Salambo discovering Ethiopia
Ethiopia has such a rich cultural heritage with sites such as the rock-hewn churches of Lalibela or the walled city of Harar, that the church of Adadi Mariam in the vicinity of Addis hardly takes any notice. Built on the same model as her much better known sisters of Lalibela, Adadi Mariam was part of King Lalibela’s ambition to expand his kingdom south. Taking example of what he had achieved in Lalibela, he started to build another rock-hewn church to mark his new territory further south, but never managed to finish it. That is according to the glamorous version from the guide who took us around. I read elsewhere that the church was built in the 14th century by priests coming from the North to convert the South to Christianity, so more than 100 years after Lalibela (King Lalibela ruled at the end of the 12th century and beginning of the 13th).
Unable to take my mother and her friend all the way to Lalibela, I embarked them on a day trip to Adadi Mariam. We drove about an hour going south on the Butajira road, until we reached the right turn to Adadi Mariam. From that junction, we had about 12 kilometres of gravel road to the tiny village where the church is. The distance wasn’t long but it felt like an eternity for me. Everybody in the car was silent, I could sense that my visitors were not enjoying the drive and felt shaken at every sharp turn. They didn’t say anything but I could read their mind: when are we going to arrive? I was wondering too as I felt the pressure of having taken them there. I did give some kind of warning though: “we won’t find any toilet so you’ll have to go before and try to drink as little as possible on the way; we won’t find any food either so we’ll have to make it back to Addis in time for lunch.” As they were not that desperate to have another Ethiopian lunch by the side of the road, they agreed with my itinerary. After a very long 30 minutes, we finally reached the village of Adadi Mariam. Again, the drive through a very rural area was an eye opener for them: no facilities, no infrastructure, rudimentary agricultural tools, no car and kids walking to school. They did mention that it was interesting to see rural Ethiopia.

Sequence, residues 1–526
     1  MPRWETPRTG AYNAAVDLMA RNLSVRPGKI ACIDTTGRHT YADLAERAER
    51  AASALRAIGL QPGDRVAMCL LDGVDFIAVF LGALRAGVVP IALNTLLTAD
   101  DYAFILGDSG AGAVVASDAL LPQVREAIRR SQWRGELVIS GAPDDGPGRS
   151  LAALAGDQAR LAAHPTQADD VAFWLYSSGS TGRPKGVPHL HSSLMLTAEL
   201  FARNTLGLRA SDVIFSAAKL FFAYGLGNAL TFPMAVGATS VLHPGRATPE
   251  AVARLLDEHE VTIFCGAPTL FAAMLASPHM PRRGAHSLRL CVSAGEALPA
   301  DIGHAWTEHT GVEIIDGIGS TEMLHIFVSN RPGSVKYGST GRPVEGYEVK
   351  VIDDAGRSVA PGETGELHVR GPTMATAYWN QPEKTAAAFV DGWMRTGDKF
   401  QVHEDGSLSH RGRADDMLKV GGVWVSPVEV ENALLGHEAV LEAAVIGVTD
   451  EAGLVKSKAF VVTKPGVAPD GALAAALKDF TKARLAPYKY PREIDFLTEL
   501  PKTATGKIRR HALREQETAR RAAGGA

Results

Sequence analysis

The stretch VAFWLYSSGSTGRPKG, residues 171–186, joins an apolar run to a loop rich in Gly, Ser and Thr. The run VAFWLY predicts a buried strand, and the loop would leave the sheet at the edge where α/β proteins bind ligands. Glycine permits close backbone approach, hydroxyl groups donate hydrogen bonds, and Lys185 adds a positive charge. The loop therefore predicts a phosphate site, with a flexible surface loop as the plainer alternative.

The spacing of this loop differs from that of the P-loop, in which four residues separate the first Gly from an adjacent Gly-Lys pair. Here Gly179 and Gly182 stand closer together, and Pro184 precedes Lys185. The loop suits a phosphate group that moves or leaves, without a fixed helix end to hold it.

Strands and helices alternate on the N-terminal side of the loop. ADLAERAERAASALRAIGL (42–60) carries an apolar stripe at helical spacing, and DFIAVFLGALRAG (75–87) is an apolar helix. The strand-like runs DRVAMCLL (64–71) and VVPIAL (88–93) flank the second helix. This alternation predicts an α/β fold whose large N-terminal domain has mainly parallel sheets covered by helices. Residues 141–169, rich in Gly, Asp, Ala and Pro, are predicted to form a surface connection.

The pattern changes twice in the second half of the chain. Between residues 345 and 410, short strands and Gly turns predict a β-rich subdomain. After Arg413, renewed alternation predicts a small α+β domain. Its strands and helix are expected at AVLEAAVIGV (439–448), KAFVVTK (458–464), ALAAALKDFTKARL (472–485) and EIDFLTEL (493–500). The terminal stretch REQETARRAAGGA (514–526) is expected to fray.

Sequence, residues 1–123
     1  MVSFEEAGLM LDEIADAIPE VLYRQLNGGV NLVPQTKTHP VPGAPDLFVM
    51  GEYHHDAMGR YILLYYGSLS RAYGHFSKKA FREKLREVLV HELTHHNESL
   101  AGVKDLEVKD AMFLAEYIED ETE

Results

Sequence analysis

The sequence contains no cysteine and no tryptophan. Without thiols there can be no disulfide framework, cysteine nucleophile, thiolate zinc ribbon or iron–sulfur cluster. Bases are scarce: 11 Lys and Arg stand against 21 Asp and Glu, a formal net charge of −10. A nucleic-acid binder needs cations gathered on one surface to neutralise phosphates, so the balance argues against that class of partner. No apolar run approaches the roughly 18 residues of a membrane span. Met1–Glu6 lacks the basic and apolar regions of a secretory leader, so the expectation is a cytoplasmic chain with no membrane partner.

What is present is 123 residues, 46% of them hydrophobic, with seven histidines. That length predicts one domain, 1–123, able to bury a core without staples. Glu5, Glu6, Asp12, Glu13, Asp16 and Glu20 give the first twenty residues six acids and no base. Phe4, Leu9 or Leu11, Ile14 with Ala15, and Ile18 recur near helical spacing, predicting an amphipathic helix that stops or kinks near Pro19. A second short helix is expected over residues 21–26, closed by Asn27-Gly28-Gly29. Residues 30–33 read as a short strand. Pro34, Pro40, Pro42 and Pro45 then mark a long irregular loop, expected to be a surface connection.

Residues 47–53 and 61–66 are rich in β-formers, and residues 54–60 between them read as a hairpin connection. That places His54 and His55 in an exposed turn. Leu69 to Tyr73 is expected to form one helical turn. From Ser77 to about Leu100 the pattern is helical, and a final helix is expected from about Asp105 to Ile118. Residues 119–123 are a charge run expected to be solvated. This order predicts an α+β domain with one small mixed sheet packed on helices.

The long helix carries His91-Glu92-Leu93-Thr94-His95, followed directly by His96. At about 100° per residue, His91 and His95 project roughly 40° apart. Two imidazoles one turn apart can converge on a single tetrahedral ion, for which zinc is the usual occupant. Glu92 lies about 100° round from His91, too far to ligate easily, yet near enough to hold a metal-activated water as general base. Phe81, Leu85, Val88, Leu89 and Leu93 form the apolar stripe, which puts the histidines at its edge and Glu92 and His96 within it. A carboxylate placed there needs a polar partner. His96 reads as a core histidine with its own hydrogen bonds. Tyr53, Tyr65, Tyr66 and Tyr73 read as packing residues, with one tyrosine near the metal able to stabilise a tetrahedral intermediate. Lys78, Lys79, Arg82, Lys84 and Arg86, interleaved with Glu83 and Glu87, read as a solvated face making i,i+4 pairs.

At the church, they had another surprise: they had to take off their shoes and walk barefoot down the narrow steps leading to the inside. They were not prepared: “I would have warn socks had I known,” said one of them. As there was no choice, they played the game and went without shoes. From the outside, we could never guess that Adadi Mariam was a church if it wasn’t for the big cross planted on top, as it is fully covered in grass. It was carved into the rock but the outside was never finished leaving it with such a deceiving appearance. Inside, we went through a gallery which goes around the alter and the holy of the holies (the inside sanctuary where only priests are admitted). It was entirely carved with regular openings on the side which let some light in. Even if it wasn’t completed (in some places the ceiling remains low), it gave a very good idea of what a rock-hewn church is, even if far from being as impressive as Lalibela. At least, it was enough for my mother and her friend who both said that they were glad we didn’t make it to Lalibela as they had enough with one church (that after I told them that there were 11 churches like that there). At the altar, we met a group of school kids who came from Addis for the day. My mother and her friend were very touched with how friendly they were. Each kid greeted them personnally in French or in English and shook their hand with a large smile on their face. They thought they were so open and welcoming. That’s Ethiopia at a glance: it can rough and difficult but people are extremely polite and gentle. So they experienced it in a snapshot going to Adadi Mariam.